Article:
If the committee wants to hold public hearings on its findings, it will have to start moving more quickly.
Latest in Jan. 6: Congress
It’s been four months since the House asked the Justice Department to seek Meadows’s indictment. Are the department’s misguided precedents holding things up?
On Wednesday, the Supreme Court handed down a decision in the case Trump v. Thompson, denying Donald Trump's motion to block the National Archives from producing his documents to the congressional committee investigating the Jan. 6 Capitol attack. To drill down, Natalie Orpett talked with Lawfare editor-in-chief Benjamin Wittes, Lawfare senior editor Scott R. Anderson and Professor Jonathan Shaub of the University of Kentucky College of Law.
A crucial component of the story of Jan. 6 involves what members of Congress were doing on that day. What kinds of conversations did Republican lawmakers have with President Trump? To what extent did any members of Congress play a role in engineering the riot itself? These are some of the questions that the House committee on Jan. 6 is investigating—and it’s seeking information directly from members of Congress, including House Minority Leader Kevin McCarthy.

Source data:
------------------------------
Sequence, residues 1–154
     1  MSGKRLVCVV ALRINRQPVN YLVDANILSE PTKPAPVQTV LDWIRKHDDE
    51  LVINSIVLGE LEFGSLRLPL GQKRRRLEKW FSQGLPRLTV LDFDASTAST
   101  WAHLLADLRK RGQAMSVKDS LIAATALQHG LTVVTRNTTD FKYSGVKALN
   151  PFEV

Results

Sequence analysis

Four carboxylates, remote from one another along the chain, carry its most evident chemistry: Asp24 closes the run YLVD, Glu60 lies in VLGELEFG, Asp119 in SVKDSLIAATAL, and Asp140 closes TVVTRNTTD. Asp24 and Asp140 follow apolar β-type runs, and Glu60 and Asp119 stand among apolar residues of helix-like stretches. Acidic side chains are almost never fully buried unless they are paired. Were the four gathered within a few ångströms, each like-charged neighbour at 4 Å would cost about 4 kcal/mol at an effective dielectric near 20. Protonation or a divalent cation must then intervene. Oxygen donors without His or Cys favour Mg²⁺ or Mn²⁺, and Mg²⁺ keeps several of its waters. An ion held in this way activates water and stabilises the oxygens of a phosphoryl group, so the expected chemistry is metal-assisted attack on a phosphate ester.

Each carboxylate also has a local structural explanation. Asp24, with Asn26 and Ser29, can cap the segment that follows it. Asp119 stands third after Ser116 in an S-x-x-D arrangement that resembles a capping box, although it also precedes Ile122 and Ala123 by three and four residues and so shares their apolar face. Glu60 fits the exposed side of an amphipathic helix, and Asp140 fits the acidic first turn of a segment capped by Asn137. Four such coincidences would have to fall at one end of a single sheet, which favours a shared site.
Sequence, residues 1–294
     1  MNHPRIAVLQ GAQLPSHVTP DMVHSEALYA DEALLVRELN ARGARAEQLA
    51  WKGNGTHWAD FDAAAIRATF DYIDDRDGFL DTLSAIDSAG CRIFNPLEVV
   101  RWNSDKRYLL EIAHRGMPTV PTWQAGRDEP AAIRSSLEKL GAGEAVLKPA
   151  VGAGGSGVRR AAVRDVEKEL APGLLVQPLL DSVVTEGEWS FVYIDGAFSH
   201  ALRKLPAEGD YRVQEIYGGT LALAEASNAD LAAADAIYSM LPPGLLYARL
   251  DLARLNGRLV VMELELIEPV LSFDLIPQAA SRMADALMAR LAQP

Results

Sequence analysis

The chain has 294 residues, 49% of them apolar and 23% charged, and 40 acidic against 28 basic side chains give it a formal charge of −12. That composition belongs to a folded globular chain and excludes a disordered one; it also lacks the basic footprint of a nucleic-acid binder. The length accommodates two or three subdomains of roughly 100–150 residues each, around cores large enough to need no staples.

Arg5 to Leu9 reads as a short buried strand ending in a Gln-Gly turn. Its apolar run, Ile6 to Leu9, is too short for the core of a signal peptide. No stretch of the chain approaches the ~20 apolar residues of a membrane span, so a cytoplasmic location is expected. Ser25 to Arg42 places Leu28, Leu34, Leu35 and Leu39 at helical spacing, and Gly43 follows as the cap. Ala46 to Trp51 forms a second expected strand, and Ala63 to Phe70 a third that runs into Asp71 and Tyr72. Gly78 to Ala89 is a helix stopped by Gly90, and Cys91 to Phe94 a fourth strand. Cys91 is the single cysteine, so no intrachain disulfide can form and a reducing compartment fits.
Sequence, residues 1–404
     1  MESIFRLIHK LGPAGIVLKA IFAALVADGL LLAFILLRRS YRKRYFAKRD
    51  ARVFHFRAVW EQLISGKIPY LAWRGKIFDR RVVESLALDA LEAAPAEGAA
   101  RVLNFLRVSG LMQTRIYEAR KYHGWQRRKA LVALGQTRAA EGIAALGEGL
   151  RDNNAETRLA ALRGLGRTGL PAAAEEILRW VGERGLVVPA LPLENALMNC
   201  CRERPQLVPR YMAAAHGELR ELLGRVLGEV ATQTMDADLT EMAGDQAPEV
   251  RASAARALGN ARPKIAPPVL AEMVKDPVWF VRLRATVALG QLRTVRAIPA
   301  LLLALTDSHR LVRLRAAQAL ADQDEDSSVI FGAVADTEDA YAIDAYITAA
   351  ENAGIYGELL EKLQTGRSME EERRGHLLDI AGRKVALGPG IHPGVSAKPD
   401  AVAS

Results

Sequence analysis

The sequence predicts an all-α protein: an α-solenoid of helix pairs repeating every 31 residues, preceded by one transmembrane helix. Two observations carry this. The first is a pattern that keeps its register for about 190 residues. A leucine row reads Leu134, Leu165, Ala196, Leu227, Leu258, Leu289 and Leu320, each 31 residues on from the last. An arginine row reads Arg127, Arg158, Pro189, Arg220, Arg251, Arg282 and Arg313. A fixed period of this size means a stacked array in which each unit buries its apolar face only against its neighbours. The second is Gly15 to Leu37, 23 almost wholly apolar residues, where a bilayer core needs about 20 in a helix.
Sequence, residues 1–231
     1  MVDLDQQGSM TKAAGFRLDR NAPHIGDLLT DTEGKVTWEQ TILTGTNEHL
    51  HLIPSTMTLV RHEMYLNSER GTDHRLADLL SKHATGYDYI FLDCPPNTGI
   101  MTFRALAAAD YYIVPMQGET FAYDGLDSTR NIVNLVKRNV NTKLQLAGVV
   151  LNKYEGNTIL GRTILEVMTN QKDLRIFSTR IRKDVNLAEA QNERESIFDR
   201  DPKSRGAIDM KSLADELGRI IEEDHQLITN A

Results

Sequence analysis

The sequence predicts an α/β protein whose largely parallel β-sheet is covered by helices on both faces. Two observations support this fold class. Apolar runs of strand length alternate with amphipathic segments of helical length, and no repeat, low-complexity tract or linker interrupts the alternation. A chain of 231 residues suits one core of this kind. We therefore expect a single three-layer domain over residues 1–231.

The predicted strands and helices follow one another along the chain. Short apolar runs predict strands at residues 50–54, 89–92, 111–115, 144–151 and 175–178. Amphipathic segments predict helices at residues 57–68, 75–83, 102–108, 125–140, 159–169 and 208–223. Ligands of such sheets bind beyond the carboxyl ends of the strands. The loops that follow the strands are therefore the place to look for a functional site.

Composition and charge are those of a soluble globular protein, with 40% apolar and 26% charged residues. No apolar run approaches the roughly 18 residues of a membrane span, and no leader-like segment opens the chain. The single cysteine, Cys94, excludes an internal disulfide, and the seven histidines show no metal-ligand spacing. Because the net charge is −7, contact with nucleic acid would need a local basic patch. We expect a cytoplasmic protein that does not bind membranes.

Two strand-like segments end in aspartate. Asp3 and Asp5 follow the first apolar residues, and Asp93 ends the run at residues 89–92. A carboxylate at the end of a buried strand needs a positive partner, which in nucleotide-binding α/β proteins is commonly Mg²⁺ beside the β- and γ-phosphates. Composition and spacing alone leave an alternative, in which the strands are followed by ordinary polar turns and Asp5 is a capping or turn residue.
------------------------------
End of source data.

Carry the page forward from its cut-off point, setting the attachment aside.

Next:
Today on Lawfare No Bull: On Tuesday, Jan. 11, the Senate Judiciary Committee held a hearing on the threat of domestic terrorism facing our nation, one year after the attack on the U.S. Capitol. The hearing included testimonies from Matthew Olsen, Assistant Attorney General in the National Security Division of the Department of Justice and Jill Sanborn, Executive Assistant Director of the National Security Branch of the FBI:
The Department of Defense’s Office of Inspector General, in a controversial new report, offered unabashed praise of military leaders for their reaction to the “chaotic and confusing situation” on Jan. 6.
The oral argument took hours. The result is not hard to predict.
A federal grand jury indicted former Trump adviser Steve Bannon for contempt of Congress on Nov. 12. The indictment lists two counts for Bannon’s failure to testify before the Jan. 6 House select committee and for a failure to produce documents after receiving a subpoena for both.
The contempt case against Bannon is actually more complicated than it looks.
The Jan. 6 committee should not rush to hold Mark Meadows in contempt. It should instead take the time to develop a record that leaves him no wiggle room to hide behind the ambiguities inherent in executive privilege.